Tuesday, June 17, 2014

Denali Park, Alaska: Husky Homestead

It takes about $100,000 a year to put together a winning team for the legendary Iditarod Race in Alaska. First prize is only $50,000. Therefore, you have to do something to make ends meet.

Jeff King, a four-time winner, has come up with an unusual method to balance the books. He gives tours of his training complex. It's called the Husky Homestead, and it's wonderful.

Start with the fact that guests are handed a puppy when they get off the bus. Awww. In our case, the dogs were five weeks old. It's actually good for the dogs to interact with people right away. You can see people melting into puddles as they pet the dogs.

After that, guests stay outside and are given an explanation of what happens at the complex. The best part of that comes when King picks out some dogs for a demonstration of a training run. The dogs make all sorts of noise in an effort to be picked - running is what they love to do - and the sound is loud and wonderful. By the way, as soon as the sled is loaded and gone, the dogs immediately quiet down. It's an amazing transformation. That's King in the picture, playing with one of the dogs. Staff members then review how the complex works.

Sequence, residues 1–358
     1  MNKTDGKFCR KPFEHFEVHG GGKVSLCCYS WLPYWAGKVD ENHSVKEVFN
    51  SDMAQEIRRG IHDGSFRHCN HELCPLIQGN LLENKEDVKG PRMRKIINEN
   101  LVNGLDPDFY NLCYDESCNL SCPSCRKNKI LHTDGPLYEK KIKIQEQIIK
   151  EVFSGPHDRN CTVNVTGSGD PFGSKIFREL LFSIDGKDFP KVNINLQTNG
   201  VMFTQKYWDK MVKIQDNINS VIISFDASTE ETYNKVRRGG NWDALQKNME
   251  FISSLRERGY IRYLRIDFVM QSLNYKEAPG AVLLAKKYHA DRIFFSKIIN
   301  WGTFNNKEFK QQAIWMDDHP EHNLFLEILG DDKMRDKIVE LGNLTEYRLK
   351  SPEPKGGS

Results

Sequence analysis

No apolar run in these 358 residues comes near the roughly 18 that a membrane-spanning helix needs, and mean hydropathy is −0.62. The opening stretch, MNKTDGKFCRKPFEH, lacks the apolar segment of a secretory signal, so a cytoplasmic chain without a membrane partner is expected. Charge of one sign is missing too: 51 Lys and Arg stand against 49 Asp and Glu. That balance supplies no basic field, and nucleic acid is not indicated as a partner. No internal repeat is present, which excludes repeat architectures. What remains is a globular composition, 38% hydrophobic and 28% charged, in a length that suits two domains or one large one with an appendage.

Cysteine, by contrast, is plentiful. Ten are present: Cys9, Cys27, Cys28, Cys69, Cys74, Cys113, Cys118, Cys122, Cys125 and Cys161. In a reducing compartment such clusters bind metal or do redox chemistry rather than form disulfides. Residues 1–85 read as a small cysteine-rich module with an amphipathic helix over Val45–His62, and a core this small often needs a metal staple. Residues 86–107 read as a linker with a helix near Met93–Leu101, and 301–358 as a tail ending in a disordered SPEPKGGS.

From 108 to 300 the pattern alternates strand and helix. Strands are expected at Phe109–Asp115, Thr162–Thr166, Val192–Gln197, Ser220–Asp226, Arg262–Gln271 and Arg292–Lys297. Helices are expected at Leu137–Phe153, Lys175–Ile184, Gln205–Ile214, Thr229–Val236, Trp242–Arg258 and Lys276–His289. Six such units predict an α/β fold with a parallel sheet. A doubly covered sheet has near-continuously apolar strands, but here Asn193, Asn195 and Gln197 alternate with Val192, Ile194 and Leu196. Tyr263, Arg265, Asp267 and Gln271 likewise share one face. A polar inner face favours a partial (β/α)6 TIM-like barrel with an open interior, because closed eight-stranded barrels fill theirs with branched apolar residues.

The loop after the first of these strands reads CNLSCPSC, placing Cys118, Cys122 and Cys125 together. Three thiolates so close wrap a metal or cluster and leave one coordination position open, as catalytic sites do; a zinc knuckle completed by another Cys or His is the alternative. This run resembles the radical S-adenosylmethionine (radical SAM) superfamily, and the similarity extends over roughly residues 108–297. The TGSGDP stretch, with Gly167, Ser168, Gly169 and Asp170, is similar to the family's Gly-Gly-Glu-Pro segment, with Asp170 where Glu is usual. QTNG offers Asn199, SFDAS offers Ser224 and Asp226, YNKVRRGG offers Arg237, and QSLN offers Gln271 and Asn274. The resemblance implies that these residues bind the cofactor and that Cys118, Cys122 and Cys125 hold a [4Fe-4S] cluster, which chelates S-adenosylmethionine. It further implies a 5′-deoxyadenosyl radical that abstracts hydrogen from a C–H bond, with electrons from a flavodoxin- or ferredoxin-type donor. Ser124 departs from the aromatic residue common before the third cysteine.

Everyone then moves inside, where King does a presentation on his view of the Iditerod. He explains what goes into a winning team, and how the race is run. The dogs basically can run about half the time in the race from Anchorage to Nome (1,100 miles), sometimes in an eight hours on-eight hours off format. You may think this could get dull, but King has the timing of a standup comic. He's funny and interesting.

Here's someone else's video of the visit:


I couldn't find anyone who went to the Husky Homestead and didn't have a great time. When in the neighborhood in the summer, be sure to drop by.

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